Northern California’s arid landscape is primed for an early and prolonged wildfire season


Anyone who has been to the countryside lately has seen it: the browning of hillsides that were once brilliant green from winter rains.

It’s a normal part of the seasonal change in Northern California, where sun-ripened grasses turn the region’s hills golden brown.

Trouble is, it’s happening six or eight weeks earlier than usual, raising the specter of an early start to the summer fire season.

A prolonged dry spell that pushed the region into a third year of drought has made the landscape so dry that conditions in early April are more like those typical in late May or June.

Plant moisture data, the sort of thing watched closely by fire weather watchers and emergency service personnel, put potential fire intensity well above average and in record territory for most of the last six weeks.

As a result, local Cal Fire officials are calling in seasonal workers a month and a half early, preparing for the long and difficult months ahead. And they preach prevention and defensive maintenance in the strongest terms, knowing that grasslands, brush and forests will only get more combustible as the year goes by.

“Optimistically, we can control ignitions by being safe, and if we can control our ignitions, that means there are fewer fires,” Cal Fire Battalion Chief Marshall Turbeville said, noting that lightning remains beyond the control of humans.

“We have to be hypervigilant about what we’re doing there,” Cal Fire Division Chief Ben Nicholls said. “It’s a spark. It’s a bad day.

It should come as no surprise that drought years produce dry vegetation. But this weird weather year – heavy with rain in October and December, then next to nothing for the last three months – has complicated things, first priming the pump for rapid plant growth, then leaving it largely high and dry then. that the calendar was tilting towards 2022 .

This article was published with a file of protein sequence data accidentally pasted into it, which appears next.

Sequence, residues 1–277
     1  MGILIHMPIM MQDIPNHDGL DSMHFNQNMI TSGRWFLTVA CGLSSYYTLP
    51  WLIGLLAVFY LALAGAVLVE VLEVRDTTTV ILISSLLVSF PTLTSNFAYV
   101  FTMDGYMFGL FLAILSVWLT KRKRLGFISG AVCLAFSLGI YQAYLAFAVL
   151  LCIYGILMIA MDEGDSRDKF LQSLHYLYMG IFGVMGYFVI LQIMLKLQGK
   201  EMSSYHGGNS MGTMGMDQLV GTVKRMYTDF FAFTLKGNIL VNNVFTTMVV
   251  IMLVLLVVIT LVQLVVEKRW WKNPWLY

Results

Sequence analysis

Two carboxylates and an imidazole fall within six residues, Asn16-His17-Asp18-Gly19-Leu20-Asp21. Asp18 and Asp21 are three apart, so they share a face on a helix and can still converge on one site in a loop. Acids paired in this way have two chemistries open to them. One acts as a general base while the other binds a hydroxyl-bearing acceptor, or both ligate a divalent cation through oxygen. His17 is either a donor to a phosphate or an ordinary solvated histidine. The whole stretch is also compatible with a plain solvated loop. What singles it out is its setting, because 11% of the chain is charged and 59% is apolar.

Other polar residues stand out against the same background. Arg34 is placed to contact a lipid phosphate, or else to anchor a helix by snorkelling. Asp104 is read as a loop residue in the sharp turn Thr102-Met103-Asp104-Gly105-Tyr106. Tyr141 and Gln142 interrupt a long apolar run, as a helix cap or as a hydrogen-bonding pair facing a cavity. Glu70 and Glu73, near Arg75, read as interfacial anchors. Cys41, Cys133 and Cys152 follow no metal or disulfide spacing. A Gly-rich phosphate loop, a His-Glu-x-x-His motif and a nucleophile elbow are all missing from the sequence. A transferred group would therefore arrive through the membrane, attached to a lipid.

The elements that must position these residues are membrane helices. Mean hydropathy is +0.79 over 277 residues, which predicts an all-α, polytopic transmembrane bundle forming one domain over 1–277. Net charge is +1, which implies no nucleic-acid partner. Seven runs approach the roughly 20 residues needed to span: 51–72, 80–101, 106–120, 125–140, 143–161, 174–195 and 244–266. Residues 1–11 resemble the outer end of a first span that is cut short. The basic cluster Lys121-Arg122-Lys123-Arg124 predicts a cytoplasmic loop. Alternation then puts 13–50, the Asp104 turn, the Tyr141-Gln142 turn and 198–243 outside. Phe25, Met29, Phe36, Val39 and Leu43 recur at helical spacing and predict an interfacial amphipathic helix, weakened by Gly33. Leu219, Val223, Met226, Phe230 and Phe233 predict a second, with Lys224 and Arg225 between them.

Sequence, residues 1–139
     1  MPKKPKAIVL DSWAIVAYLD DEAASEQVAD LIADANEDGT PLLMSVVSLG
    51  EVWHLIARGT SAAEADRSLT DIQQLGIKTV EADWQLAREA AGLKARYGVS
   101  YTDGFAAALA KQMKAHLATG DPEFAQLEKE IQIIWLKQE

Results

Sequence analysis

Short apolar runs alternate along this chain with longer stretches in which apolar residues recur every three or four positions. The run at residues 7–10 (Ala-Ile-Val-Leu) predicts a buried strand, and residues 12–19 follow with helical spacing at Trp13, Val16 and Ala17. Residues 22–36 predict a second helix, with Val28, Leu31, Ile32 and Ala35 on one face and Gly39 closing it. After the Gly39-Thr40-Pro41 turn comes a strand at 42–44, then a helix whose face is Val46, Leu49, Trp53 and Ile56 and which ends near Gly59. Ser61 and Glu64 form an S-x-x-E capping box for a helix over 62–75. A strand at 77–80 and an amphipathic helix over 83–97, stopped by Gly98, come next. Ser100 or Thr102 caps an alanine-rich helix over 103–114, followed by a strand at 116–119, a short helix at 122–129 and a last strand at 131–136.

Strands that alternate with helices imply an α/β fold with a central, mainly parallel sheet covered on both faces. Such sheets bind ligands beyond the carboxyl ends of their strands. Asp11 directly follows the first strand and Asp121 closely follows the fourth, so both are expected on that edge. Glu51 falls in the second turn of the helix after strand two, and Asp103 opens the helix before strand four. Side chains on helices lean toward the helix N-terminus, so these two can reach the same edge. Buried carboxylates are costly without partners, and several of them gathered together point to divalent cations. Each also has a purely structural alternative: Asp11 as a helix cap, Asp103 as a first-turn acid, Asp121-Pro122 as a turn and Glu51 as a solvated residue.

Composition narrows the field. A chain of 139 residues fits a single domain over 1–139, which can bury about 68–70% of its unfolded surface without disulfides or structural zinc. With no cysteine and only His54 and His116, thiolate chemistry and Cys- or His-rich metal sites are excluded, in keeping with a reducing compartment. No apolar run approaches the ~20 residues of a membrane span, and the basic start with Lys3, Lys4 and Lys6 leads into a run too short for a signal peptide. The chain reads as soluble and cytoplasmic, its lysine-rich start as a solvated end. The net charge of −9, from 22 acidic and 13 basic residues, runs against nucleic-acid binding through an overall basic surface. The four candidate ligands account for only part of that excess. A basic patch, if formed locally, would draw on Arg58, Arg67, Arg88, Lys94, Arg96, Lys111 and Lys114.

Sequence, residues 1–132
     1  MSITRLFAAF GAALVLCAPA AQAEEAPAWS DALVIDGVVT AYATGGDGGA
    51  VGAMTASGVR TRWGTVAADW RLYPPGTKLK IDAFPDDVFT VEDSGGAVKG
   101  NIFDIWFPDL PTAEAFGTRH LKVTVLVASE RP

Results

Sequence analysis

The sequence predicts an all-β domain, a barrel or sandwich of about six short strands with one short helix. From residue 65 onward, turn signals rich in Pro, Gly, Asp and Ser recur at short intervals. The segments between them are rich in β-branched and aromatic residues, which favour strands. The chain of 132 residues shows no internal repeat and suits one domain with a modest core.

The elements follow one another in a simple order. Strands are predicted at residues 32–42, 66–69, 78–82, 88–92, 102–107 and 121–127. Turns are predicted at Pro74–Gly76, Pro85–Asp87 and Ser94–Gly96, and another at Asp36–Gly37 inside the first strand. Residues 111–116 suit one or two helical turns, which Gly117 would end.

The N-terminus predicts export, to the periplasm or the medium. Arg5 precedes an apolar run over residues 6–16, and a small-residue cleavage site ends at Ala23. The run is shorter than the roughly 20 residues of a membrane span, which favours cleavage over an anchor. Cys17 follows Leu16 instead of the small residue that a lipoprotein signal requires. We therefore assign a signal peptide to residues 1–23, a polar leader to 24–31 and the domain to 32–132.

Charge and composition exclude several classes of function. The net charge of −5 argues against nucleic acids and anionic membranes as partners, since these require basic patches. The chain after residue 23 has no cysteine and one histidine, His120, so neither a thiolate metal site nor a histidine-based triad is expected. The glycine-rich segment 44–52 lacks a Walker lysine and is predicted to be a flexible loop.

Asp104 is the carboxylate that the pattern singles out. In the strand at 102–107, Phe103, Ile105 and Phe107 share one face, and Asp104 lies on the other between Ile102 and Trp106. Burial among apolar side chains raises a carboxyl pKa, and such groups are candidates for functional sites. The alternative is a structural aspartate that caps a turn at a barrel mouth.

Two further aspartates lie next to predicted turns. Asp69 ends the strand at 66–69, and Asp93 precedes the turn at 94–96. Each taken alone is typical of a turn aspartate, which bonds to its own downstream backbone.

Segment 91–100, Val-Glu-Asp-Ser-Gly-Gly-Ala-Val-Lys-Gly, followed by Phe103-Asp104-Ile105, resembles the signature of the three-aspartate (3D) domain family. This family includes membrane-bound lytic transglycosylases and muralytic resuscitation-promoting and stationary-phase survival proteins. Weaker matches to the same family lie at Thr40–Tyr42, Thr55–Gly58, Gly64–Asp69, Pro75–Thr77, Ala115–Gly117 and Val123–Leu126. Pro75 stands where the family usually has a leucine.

Greening of wild grasses and growth of fresh shrubs peaked before normal. With no new growth, grasses have begun to die back and shrubs are accumulating less water than they would if they were still growing, said meteorology professor Craig B. Clements, director of Wildfire Interdisciplinary Research. Center and the Fire Weather Research Laboratory at San Jose State University. .

Local land stewards have for months noticed what Brian Peterson, an Audubon Canyon Ranch fire ecologist, called “a very early botanical year,” in which the growing season was accelerated by several atmospheric rivers. early, but now left the grasses seeding early and drying out.

Bob Neale, director of stewardship at the Sonoma Land Trust, said: “We’ve been talking about these things since December, actually, after getting all this rain and seeing the taps turned off.”

Living trees still show bright green with new leaves, but drying grasses mean forage is low for livestock and even some types of wildflowers are less plentiful, he said.

More concerning are trees damaged in previous fires that suddenly give up and fall on landholdings around Sonoma County. It’s unclear, however, if this is due to previous damage, prolonged drought, or a combination of factors, Neale said.

Dead logs – forests that are full of them, unburned for decades, from Forestville west to the coast – are what worries Turbeville the most.

He fears the March 1 Alpine Fire, which charred 21 acres of thick forest above Monte Rio, was the harbinger of a summer wildfire season prolonged by parched vegetation.

“We’re not panicking at this point,” Turbeville said.

“It’s just the realization that we’re talking about fire season all year round, but basically the start of summer fire season is getting earlier and earlier,” and with it “the impending disaster of fire season – a reminder that it’s going to be here sooner rather than later.

Chamise, a woody shrub common to chaparral plant communities in California, is widely sampled across the state to measure plant moisture content, or how much water there is in vegetation relative to plant material.


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